Father’s Day Comes Early For These 4 Warrior Fathers

Three minutes before the end of the Golden State Warriors’ NBA championship game in Boston, Della Curry, fathers of other players and their families were escorted to the stands to await the celebration.

“Hey, take this with you,” Curry’s buddy said, handing him the winning cigar.

Along the way, Curry — one of four Warriors fathers who once starred in the NBA — found himself standing under a net with an unlit cigar.

“This is all I can do,” Dell Curry told himself as the game clock ticked down and soon-to-be Finals MVP son Steph Curry began to cry.

With twenty-plus seconds left in the game, the younger Curry spotted his father and walked to the edge of the court to share an emotional hug.

“That moment was huge,” Dell said.

For the Warriors, that meant Father’s Day came a few days early this year.

Curry’s televised hug reflected the joy and tears of Warriors fans as the team beat the Boston Celtics to claim their fourth title in eight years.

The win was a highlight not only for Curry, but for three other Warriors fathers who shared their NBA DNA with their sons, playing driveway basketball together and introducing them to locker room legends with names like Magic and Kobe.

When the game finally ended, NBA Hall of Famer Gary Payton Sr caught his son Gary II at a growing on-court celebration. Former Houston Rocket Mitchell Wiggins caught up with his son Andrew, a young Warriors star. And Michal Thompson, 6ft 9in, scanned the bout and spotted Steph Curry’s Spray Brothers, Clay.

“I had to get his attention, grab his shoulders, turn him around and give him a big hug like he was back in kindergarten,” said Thompson Sr., who won two NBA titles with the Los Angeles Lakers in the late 1980s. and early 1990s. “As a parent, you still want to hug your children, whether they are grown men or women. You still want to hug them like they’re little kids because you love them so much.”

With four NBA titles, Steph Curry and Klay Thompson have long surpassed their fathers, and Andrew Wiggins, who won one, did the same. But Gary Payton II, who had struggled for years under the great shadow of his legendary father, was able to give him what he could not achieve alone: ​​a title for father and son.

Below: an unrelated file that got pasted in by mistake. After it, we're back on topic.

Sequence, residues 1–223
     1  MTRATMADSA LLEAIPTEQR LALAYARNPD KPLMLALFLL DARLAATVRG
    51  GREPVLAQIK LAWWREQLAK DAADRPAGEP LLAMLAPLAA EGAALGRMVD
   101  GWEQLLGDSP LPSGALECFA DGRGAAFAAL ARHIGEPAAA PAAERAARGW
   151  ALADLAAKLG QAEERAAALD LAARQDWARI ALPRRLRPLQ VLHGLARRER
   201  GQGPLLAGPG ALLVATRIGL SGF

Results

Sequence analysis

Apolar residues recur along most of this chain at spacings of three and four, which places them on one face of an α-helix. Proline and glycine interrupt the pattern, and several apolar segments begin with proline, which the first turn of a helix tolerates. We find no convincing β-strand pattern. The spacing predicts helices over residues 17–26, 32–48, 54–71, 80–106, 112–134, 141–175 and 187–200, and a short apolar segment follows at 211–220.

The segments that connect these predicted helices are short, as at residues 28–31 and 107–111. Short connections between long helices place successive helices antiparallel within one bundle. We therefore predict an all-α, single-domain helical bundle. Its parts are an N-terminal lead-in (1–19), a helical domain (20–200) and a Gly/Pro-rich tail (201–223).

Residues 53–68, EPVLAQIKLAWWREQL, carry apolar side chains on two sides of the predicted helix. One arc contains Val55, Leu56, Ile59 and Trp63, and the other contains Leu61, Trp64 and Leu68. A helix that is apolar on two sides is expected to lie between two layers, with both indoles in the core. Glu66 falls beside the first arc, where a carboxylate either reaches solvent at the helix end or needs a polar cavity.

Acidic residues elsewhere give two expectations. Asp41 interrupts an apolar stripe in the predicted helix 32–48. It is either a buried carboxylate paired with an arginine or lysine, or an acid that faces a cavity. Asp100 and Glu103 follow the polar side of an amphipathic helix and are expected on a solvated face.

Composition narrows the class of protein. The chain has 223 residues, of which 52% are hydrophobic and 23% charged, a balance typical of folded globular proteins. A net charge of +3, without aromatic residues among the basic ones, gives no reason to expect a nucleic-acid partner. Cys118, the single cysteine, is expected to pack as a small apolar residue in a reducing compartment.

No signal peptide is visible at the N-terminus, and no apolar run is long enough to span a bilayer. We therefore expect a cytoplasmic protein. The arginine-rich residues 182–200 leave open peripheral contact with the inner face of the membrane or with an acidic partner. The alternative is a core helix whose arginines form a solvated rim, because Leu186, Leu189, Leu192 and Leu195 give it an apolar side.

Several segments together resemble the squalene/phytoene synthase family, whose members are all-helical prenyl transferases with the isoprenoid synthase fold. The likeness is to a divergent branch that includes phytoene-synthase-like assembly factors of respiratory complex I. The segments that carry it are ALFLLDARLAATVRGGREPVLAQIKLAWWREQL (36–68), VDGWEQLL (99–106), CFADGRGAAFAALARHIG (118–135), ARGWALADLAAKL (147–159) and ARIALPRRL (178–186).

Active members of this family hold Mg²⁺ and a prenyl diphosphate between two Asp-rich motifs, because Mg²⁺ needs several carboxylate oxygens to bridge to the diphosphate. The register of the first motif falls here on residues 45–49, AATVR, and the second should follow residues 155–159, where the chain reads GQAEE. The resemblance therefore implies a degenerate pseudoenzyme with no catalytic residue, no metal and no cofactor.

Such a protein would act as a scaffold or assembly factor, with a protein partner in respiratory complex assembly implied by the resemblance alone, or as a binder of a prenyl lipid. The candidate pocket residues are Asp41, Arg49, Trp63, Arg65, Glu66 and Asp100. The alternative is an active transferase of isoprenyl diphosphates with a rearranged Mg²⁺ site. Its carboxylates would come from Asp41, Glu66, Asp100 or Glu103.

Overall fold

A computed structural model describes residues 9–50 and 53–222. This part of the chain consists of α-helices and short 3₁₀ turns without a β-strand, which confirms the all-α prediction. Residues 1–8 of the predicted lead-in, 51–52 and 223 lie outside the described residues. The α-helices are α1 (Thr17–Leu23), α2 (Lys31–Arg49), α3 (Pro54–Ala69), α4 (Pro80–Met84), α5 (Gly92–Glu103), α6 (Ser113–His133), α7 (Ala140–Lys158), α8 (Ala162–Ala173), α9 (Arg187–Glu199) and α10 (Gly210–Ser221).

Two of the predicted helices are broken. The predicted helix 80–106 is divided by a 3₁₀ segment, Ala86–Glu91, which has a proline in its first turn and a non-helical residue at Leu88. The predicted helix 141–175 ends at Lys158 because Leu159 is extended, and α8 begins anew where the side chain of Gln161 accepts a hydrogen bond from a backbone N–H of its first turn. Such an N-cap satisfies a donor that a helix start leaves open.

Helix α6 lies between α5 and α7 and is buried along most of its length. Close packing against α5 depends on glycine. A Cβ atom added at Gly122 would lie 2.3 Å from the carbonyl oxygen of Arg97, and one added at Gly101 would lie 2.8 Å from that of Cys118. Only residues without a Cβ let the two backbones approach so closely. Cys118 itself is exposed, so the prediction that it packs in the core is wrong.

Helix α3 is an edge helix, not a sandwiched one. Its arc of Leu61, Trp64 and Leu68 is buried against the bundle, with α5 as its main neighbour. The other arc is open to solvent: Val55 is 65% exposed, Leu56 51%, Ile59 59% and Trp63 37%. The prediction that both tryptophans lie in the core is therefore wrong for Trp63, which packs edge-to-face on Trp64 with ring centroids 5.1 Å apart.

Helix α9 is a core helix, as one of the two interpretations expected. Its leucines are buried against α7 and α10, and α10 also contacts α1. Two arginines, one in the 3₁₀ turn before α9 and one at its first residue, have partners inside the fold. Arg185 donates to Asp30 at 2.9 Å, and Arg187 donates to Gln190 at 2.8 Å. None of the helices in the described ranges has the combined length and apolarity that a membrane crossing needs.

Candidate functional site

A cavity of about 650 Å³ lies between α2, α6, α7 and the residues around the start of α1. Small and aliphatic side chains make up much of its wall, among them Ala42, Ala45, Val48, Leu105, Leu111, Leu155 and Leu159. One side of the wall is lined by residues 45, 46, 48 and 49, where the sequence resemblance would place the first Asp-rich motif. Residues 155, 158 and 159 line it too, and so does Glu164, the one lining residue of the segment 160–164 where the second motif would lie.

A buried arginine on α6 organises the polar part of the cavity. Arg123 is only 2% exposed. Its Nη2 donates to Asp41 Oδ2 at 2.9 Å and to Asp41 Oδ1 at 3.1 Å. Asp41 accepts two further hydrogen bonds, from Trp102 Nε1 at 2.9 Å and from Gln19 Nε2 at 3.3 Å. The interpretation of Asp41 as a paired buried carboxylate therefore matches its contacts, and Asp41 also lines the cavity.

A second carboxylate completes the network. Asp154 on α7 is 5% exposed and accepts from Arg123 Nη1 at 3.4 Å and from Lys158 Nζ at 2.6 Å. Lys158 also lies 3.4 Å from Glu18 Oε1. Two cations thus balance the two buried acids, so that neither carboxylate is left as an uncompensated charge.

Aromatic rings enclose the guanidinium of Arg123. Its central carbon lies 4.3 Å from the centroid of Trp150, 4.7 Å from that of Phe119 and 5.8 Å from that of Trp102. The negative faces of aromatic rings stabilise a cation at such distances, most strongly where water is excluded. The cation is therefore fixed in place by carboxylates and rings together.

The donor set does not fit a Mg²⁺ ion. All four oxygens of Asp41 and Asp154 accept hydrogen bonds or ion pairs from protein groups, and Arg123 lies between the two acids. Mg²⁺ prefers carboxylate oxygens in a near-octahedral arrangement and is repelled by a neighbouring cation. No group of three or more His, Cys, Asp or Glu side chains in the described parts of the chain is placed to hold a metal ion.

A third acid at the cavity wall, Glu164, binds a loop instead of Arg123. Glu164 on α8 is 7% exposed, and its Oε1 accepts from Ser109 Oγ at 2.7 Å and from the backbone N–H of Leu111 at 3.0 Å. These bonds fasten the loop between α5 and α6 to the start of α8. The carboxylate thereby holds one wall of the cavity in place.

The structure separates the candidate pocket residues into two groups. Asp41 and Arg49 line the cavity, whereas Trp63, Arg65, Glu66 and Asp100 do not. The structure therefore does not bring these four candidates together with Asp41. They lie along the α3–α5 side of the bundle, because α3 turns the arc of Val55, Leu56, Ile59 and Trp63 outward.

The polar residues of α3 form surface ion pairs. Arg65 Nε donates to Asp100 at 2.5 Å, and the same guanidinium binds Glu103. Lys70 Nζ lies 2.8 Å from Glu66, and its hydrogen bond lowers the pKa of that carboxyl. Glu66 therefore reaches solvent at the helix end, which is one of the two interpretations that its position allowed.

“I told him, ‘Welcome to the club,'” Michael Thompson said of Payton Sr., who won the championship in 2006 with the Miami Heat. “Now he has a special, unique club where there were only five combinations of fathers and sons who won the NBA title and now they have joined the fraternity.”

The club also includes former Warriors great Rick Barry and his son Brent, who won the title with the San Antonio Spurs.

Dell Curry has never won an NBA championship. But as he stood under the basket as the clock stopped on Thursday, he remembered his playing days with the Charlotte Hornets and Toronto Raptors.

“To feel what it was like in those fucking six games – that atmosphere, with such intensity. I felt it for 10 or 20 seconds while I was standing there,” he said. “It just made me realize once again how hard it is to be in the NBA and how hard it is to win a title.”

Both Curry and Thompson also know how difficult it was for their sons to recover from severe injuries in the last two seasons, when the Warriors missed the NBA Finals and missed the playoffs five times in a row.

They were there for months of rehab to calm down.

“You will get better,” Dell Curry recalled, telling Steph when he broke his arm in 2019 and feared it could change his career. “Your body will recover.”

Being the son of an NBA star had its perks. As a child, Klay Thompson spent time in the locker room with Lakers legend Magic Johnson and was mentored by Kobe Bryant. Curry used to throw baskets before the Toronto Raptors’ games with NBA All-Star Vince Carter. And Gary Payton II grew up and played ball for his father’s team, the Seattle SuperSonics, picking up rebounds from Sean Kemp and handing out water bottles on the sidelines.

But relationships between fathers and sons can be complicated. It’s always difficult to draw the fine line between encouragement and expectation, especially when fathers are famous, when fans stop them for autographs at the grocery store, when comparisons are inevitable, when sons carry their fathers’ names.

This was especially hard on Gary Payton II, who has been public about a strained relationship with his father over the years. In an interview with the Bay Area News Group on Thursday, Payton II said that years ago his father called him a “pathetic basketball player.”

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